GE, BASF, Others Receive $36M DOE Funding for EV Energy Storage
General Electric and BASF are among the 22 organizations to receive a total of $36 million from the Department of Energy’s Advanced Research Projects Agency-Energy (ARPA-E) to develop electric vehicle energy storage systems using innovative chemistries, architectures and designs.
The ARPA-E’s program, Robust Affordable Next Generation Energy Storage Systems (RANGE), aims to accelerate widespread EV adoption by improving driving range and reliability, and providing low-cost, low-carbon alternatives to today’s vehicles.
BASF will receive $4 million to develop metal hydride alloys using new, low-cost metals for use in high-energy nickel-metal hydride (NiMH) batteries, which the company says could offer lower cost and improved capacity while maintaining many of the traditional NiMH battery characteristics such as simple design, low volume and long service life.
GE will receive $899,958 to develop a high-energy chemistry for a water-based flow battery. If successful, GE says its new chemistry could allow EVs to use flow batteries, which would improve driving range, cost and reliability.
Other projects selected include Louisville, Colo.-based Solid Power, which will receive about $3.5 million to develop a solid-state lithium-ion battery that requires less protective packaging, which reduces cost and overall vehicle weight to improve driving range. And the University of California, San Diego will receive about $3.5 million to engineer a low-cost, low-weight battery and to redesign vehicle frames so the battery becomes an integral part of a vehicle’s support structure.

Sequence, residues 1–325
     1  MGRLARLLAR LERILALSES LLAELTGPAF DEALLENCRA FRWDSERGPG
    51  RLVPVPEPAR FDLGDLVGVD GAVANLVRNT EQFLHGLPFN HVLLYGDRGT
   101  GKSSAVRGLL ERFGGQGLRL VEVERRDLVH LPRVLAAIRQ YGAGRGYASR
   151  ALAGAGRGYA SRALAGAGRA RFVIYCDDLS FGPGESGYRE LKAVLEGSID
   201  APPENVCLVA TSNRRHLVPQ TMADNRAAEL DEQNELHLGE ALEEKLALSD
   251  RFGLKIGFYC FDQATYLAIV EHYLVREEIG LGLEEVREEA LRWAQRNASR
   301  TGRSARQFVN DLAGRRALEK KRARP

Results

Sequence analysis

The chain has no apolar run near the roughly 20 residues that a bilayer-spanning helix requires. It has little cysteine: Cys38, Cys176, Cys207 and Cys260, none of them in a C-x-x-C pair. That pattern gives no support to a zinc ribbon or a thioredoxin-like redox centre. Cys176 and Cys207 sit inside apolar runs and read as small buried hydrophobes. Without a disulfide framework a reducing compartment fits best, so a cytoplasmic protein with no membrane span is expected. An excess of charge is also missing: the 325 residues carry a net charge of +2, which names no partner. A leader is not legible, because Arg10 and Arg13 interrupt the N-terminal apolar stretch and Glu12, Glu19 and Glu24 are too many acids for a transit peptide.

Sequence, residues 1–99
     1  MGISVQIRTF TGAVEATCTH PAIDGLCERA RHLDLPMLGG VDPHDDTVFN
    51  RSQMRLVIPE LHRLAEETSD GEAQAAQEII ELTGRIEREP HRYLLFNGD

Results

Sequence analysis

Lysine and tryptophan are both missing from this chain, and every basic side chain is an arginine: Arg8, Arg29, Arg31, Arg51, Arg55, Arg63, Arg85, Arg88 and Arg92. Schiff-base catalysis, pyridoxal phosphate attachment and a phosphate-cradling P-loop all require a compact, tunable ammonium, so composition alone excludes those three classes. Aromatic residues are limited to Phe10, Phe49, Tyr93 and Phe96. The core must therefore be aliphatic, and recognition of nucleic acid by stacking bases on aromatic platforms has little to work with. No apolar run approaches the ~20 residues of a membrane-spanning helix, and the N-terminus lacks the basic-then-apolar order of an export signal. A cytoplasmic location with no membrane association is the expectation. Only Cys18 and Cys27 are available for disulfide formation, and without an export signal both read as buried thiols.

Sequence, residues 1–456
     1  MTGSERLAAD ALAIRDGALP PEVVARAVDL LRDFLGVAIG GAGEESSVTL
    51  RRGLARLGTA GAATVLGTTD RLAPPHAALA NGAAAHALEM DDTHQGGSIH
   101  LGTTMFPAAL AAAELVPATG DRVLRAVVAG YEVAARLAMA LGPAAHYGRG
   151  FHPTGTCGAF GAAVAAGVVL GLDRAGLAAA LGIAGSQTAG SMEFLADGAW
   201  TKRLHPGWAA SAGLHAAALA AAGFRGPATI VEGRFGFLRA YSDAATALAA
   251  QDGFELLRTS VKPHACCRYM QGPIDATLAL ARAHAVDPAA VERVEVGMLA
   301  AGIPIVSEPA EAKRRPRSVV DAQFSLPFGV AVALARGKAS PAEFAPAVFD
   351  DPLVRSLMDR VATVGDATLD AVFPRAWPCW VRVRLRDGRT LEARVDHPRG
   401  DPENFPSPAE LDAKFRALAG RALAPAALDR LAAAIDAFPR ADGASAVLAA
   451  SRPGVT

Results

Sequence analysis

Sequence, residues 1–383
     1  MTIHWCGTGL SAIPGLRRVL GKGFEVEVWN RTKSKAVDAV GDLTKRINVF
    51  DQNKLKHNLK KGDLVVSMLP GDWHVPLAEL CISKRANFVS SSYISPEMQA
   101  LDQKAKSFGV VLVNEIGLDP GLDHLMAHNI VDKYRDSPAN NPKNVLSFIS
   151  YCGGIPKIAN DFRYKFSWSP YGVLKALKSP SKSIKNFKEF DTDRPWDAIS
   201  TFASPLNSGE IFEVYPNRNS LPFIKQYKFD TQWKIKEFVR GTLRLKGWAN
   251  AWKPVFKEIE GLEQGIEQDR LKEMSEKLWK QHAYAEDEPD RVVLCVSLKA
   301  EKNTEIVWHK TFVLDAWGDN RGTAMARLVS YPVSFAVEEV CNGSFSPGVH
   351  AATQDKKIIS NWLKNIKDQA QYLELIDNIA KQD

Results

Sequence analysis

The other 18 organizations receiving RANGE project funding are: University of Houston; EnZinc; Princeton University; University of California, Los Angeles; Jet Propulsion Laboratory; University of Maryland; Cloteam; Stanford University; Arizona State University; Penn State University; Purdue University; Quallion; Illinois Institute of Technology; National Renewable Energy Laboratory; Oak Ridge National Laboratory; Ceramatec and Bettergy.
Last month, General Motor’s OnStar said it is working on a project with TimberRock Energy Solutions that uses aggregation software and solar charging canopies with integrated storage to manage the flow of solar power to benefit the electric grid. It will be the first “real-world” use of OnStar’s smart grid technology.
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